alt art criticism

Something in this op-ed from Ross Douthat, on the trouble with any political entity latching onto the culture of the past — in this case the “alt right” and Jane Austen and the obvious attempts at reclaiming standardized gender norms — caught my eye.

This is an idea with a powerful hold on the liberal mind — that great literature and art inoculate against illiberalism, that high culture properly interpreted offers a natural rebuke to all that is cruel, hierarchical and unwoke. The idea that if Mike Pence really listened to “Hamilton” he would stand up to Donald Trump … that Barack Obama’s humanistic reading list was somehow in deep tension with his drone strikes … that had George W. Bush only discovered his talent for painting earlier he might not have invaded Iraq … these are conceits that can be rebutted (with Wagner or Céline or Nazis-at-the-symphony references) but always seem to rise again.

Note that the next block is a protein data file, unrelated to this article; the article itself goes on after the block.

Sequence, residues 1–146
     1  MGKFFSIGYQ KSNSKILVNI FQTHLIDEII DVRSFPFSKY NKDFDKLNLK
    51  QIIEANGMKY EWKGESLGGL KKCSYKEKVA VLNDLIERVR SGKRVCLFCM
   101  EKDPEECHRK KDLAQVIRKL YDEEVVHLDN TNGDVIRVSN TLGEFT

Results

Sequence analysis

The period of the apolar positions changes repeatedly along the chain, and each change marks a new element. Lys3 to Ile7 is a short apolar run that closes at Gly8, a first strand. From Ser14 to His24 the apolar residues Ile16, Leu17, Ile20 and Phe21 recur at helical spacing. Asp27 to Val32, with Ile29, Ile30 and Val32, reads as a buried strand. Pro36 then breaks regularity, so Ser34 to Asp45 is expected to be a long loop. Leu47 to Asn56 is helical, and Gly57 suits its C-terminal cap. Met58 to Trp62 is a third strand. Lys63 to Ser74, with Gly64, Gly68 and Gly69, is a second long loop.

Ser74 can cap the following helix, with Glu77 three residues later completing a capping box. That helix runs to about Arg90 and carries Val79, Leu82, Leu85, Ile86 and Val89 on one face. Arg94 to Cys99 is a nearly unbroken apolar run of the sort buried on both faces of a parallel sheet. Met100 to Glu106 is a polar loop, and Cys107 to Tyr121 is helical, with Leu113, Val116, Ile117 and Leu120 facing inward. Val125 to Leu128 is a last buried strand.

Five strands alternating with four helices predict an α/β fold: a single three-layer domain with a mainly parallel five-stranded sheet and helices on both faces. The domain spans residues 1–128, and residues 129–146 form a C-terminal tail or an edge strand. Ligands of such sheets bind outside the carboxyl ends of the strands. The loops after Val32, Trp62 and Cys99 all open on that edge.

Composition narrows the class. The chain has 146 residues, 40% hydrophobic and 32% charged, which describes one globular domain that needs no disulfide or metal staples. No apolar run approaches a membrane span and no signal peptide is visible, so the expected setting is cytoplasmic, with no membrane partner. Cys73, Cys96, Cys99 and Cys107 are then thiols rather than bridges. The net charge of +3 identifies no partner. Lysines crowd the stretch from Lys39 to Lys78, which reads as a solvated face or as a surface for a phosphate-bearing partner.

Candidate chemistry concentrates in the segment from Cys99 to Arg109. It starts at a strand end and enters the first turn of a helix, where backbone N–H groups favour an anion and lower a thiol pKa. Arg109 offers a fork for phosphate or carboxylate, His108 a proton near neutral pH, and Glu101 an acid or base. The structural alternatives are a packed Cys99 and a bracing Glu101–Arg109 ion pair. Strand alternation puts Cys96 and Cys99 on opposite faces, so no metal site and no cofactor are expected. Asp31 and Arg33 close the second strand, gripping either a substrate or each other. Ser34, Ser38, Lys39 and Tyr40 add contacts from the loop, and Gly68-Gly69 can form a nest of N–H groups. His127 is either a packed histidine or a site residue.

In part they endure because contemporary liberalism has substituted aestheticism for religion, dreaming of a universal empathy sealed through reading rather than revelation.

In one of the liberal magazine symposiums of reactions after the Trump victory (I leafed through the issue of Harpers, didn’t find it there), there was a college Literature professor who reports having this nightmare that s/he’ll assign Kafka’s Metamorphosis, and get back student responses of “Can’t relate”, in consideration of current political results, s/he’s taking care to emphasize “empathy” in choice of class readings — which struck me as a little wearisome in its totality of repercussions.

And maybe you don’t much like this guy, but here’s your bait for you wild eyed liberals.

So now that everyone seems to be coming around to Trump as Jimmy Carter [?], it’s time to ponder … Bernie Sanders as Ronald Reagan.

With his run against Hillary as his Reagan-in-’76, his age as a supposed impediment, his wild-eyed socialism as a supposed liability …

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